An ancient settlement has been discovered in the Ethiopian highlands with the help of a special instrument used in geophysical surveys. The find will help tell the story of ancient indigenous cultures in the Horn of Africa and their exchange with nearby civilizations.
In early May, geophysicist Jorg Fassbinder from the Geophysics Department of Earth and Environmental Sciences at the Ludwig-Maximilians-University (LMU) in Munich and his colleague Margaret Schlosser of the German Archaeological Institute (DAI) took to a joint campaign.
Together, they surveyed the ground of a suspected settlement in the north-western Ethiopian highland region of Tigray, home to the town of Yeha believed to be a major centre of the Diamat Kingdom established around 700 BCE.
The team used a magnetometer to detect local anomalies in the geomagnetic field which could be indications of hidden objects beneath the subsurface including structural walls, graves, hearths and refuse pits. Such technology has been used only rarely in countries near the equator, however, as the magnetic field lines here run parallel to the Earth’s surface making it difficult to identify buried archaeological structures. Magnetometers are particularly useful, however, as non-evasive, non-destructive tools.
“The new evaluation method developed by Fassbinder’s research team was successful,” said the on-sight excavation director Pawel Wolf. “With the first test excavations, stone walls, burial sites and local waste items like animal bones and pottery shards were found dating back to different eras. Among them were also ceramic shards with characteristics from the Ethio-Sabaean Period dating back to the first millennium BCE.”
In 2008, Ethiopian archaeologists made the astonishing discovery of a perfectly preserved sacrificial altar in neighbouring Meqaber Ga’ewa, a previously unknown location near the city of Wuqro. The altar bore a remarkable royal inscription in Old South Arabian bearing the name Yeha, located about 80 km from the find.
According to Kebede Amare, head of the Tigray Cultural Department, this is the southernmost find believed to belong to the Diamat Kingdom. Located in present day Eritrea and northern Ethiopia, the civilization had sophisticated irrigation plans, made use of plows, grew millet and made iron tools and weapons.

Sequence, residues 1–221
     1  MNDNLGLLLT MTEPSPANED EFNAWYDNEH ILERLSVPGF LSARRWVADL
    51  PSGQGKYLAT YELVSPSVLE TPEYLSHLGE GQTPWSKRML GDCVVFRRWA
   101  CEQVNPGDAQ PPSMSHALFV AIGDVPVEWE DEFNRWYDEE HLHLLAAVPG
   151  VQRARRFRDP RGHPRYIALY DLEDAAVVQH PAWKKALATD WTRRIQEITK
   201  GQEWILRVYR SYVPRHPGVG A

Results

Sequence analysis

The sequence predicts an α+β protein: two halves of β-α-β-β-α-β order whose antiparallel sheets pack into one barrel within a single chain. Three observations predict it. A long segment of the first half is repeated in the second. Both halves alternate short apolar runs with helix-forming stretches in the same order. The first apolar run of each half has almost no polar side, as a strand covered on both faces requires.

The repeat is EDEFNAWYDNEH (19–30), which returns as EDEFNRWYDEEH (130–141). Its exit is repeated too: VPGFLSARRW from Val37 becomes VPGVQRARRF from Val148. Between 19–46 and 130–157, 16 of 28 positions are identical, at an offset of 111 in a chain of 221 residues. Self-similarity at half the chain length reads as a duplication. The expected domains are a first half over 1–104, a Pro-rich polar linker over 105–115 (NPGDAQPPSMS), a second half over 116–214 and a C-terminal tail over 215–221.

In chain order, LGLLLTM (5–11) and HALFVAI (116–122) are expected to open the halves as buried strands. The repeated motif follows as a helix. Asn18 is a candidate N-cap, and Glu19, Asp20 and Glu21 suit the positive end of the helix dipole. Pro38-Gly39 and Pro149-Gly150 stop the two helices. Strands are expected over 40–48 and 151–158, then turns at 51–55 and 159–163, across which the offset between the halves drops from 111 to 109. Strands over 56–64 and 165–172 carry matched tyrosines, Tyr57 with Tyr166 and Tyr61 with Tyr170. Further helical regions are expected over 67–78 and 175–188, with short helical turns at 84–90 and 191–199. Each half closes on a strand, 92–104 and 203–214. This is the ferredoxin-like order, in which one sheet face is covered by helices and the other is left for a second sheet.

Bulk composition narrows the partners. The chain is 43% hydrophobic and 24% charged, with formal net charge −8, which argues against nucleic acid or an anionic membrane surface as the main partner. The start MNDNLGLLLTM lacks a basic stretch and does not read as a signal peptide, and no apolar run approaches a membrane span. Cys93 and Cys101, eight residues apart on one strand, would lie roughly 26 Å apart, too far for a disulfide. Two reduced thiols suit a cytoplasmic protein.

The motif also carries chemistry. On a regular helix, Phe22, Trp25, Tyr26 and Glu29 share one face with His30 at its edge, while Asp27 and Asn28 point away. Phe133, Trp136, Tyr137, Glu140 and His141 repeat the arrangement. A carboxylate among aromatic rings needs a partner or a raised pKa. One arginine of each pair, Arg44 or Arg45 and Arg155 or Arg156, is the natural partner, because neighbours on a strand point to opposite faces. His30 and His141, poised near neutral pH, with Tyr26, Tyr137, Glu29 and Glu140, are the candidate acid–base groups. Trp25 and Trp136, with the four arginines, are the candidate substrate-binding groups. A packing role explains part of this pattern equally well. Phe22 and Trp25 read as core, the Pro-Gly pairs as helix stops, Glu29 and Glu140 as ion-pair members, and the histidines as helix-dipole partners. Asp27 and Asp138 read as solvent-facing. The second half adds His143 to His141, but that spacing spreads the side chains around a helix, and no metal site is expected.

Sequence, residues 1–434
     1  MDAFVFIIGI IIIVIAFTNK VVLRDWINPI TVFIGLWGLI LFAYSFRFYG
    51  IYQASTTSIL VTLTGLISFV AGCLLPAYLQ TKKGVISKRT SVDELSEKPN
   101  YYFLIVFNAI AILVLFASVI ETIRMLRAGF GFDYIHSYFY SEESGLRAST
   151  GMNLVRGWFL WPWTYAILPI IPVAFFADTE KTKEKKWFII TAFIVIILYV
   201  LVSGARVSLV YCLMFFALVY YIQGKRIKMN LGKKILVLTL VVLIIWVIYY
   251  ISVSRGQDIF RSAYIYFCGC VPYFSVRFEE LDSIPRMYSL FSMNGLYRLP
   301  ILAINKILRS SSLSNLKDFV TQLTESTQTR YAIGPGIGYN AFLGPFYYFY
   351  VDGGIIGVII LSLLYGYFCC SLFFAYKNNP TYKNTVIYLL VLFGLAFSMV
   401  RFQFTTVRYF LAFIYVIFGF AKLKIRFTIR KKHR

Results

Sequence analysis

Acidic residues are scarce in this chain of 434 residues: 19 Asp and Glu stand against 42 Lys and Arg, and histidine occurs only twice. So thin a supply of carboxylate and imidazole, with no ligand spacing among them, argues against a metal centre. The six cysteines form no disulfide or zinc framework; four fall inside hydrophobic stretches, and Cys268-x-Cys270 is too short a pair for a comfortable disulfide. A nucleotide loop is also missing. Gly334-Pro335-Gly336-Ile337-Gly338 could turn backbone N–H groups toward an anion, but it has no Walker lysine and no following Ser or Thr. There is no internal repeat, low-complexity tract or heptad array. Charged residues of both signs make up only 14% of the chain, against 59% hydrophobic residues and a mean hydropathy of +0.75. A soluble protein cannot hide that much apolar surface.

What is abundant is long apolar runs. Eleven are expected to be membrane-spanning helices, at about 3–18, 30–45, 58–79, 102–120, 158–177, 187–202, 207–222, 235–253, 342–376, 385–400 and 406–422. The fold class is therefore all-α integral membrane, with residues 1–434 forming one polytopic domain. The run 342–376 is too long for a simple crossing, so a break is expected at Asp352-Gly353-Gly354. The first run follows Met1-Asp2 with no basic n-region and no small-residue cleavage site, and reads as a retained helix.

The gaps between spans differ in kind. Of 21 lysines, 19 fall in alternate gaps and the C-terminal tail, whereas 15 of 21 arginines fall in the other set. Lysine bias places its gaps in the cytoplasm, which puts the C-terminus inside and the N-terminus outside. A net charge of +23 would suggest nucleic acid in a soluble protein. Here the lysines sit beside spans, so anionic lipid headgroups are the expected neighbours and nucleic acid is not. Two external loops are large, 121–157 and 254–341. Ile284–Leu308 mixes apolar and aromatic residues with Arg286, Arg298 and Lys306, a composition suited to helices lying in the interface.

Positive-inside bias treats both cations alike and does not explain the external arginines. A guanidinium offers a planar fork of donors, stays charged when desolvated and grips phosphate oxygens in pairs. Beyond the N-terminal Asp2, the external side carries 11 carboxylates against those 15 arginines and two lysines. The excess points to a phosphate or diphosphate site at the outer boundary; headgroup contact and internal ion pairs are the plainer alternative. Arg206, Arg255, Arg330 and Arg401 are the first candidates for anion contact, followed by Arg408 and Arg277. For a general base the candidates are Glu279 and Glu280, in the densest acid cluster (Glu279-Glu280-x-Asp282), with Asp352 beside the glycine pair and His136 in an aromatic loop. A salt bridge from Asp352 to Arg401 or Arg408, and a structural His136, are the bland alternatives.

Of particular importance to researchers, is whether the kingdom was comprised of indigenous peoples or a mix of indigenous peoples with the ancient Sabaeans who came to dominate the Red Sea.
Since very little archaeological research has been done on the Diamat Kingdom, the discovery of the royal inscription takes on special importance. According to Norbert Nebes of the University of Jena, the royal inscription is the first such recorded evidence of the ancient town of Yeha.
Since 2008, DAI archaeologists have excavated not only a temple dedicated to the Sabaean moon god Almaqah in Meqaber Ga’ewa, they’ve discovered additional sites of a previously unknown settlement from this important historical period. In Ziban Adi, one of the most promising sites uncovered, they excavated the foundation walls of another sanctuary atop a 3-meter high hill of ruins in 2010.
Countless pottery chards found in the surrounding grain fields suggest an intensive settlement was located around the ancient religious building. For the archaeologists, who are concerned not only with the cultural influence of the South Arabian Kingdom of Saba in the Horn of Africa, but in the study of indigenous African cultures, the settlement’s discovery raises high hopes that the remains of a town from this period will eventually be discovered. Thus far, only a few archaeological sites are known.
This research is part of the German-Ethiopian scientific cooperation between the DAI’s Orient Department, the Tigray Cultural Agency and the University of Jena. The geophysical measurements are based on cooperation between the DAI and the LMU München.